Meanwhile the terms of Goodell’s $30 to $40 million per year contract and extension for the nonprofit and Congressionally favored NFL have become grist for the mill at the same time as the reports of the NFL’s miserly record in meeting the terms of their $1 billion settlement over the effects of concussions on its players has also become public. Only 140 of 1400 claims have been honored, and most of those claims have not been fully paid. Parents are increasingly not allowing their children to play football, and efforts to offset the crisis are weak kneed. Football is being pushed from a popular sport to a place alongside guns, sexism, and red state politics, which will marginalize it, if not kill it, in the future.

The NFL might have better prospects with Jones just selling pizzas or whatever and Roger Goodell finding another job somewhere outside of football. But in a country reeling with division and inequity, watching the way billionaires and millionaires pad their own paychecks and ignore the issues of the day in their exclusive club, could also kill what’s left of its public support, as the fans realize it’s just about them, and never about us.

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Good News: Wealth Up! Bad News: Not for You!

Dallas  Figures released by the Federal Reserve indicate that citizen wealth by some indices is recovering almost to pre-recession levels.  According to the Wall Street Journal:

The net worth of U.S. households and nonprofit organizations—the values of homes, stocks and other assets minus debts and other liabilities—rose 2.6%, or about $1.9 trillion, in the third quarter of 2013 to $77.3 trillion, the highest on record, according to the Federal Reserve.

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The Fed’s figures aren’t adjusted for inflation, but even after accounting for rising costs—using the Fed’s preferred inflation gauge—Americans’ net worth is at record levels. The figures also aren’t adjusted for population growth, and the nation’s wealth is roughly 1% short of its peak according to another commonly used gauge, the consumer-price index.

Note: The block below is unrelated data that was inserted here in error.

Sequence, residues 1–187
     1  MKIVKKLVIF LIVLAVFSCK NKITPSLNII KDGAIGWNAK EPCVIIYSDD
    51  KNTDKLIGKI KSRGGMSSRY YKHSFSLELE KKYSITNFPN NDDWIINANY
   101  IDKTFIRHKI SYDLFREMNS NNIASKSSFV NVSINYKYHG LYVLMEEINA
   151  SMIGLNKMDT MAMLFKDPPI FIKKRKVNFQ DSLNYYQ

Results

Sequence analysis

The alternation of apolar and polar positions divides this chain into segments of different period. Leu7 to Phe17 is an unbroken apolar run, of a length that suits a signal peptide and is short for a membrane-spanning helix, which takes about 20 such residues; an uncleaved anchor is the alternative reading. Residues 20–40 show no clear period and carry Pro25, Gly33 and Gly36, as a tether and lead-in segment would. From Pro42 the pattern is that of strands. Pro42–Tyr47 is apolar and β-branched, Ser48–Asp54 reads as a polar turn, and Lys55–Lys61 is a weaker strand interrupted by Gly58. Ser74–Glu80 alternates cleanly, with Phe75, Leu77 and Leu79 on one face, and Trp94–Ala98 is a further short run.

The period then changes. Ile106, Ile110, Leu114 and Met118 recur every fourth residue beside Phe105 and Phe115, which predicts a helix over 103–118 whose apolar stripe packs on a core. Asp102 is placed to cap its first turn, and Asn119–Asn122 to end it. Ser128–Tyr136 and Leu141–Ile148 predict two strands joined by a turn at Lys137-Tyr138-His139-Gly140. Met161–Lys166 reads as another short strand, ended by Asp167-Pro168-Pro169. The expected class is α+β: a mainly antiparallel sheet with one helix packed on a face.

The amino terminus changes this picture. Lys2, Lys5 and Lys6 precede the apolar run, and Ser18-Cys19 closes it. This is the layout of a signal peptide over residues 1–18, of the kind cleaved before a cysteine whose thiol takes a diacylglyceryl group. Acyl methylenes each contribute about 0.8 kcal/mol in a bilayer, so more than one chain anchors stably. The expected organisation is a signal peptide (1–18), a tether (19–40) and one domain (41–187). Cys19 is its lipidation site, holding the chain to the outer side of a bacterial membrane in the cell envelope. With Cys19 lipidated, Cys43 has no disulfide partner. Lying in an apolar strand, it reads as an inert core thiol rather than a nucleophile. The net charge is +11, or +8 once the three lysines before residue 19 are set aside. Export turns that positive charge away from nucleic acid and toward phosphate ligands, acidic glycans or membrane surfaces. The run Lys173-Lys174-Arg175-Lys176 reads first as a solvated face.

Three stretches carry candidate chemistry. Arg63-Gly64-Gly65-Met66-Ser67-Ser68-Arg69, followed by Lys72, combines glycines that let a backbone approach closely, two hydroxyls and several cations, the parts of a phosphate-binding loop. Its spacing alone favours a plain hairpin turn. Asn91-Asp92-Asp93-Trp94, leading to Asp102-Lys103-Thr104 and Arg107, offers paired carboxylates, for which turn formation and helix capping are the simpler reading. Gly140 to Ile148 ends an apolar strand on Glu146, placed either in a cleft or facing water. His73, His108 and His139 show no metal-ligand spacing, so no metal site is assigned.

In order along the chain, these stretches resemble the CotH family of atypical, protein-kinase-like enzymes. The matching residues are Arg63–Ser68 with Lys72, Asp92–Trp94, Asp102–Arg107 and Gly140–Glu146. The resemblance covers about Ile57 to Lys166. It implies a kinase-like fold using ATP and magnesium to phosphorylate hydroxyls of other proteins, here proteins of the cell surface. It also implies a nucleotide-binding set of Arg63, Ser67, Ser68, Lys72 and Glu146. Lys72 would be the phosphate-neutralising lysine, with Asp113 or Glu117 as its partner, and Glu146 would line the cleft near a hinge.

So, that’s the good news.

            The bad news is that these record setting levels are masking the fact that the same upward sweep is increasing inequality, the gap between the richer and the poor, since these good times are being disproportionately enjoyed by those folks with money in the stock market, and that’s not the poor, and equity has risen for homeowners, who were able to hang on, but that’s also no longer a tide rising lots of boats.   With homeownership gains for African-American and Latino families having been rolled back to levels of thirty years ago obliterating the advances, and wiping out all of their equity, these are gains being felt by the more well off survivors of the housing crash or those lucky enough to have the resources to hang on.

            Unemployment numbers continue to be high and underlying these numbers are significant levels of structurally permanent unemployment with four million workers unemployed more than six months and increasingly dropping out of the job market entirely.   Since these gains in citizen wealth are coming from ownership rather than employment, it also masks wage stagnation for the vast majority of working families, even as high end, big rollers have regained pay levels at the top.

            Even when there’s some good news, it’s impossible to be happy about Federal Reserve statistics that essentially establish that American citizen wealth is increasing to record levels but only for some people, not for everyone.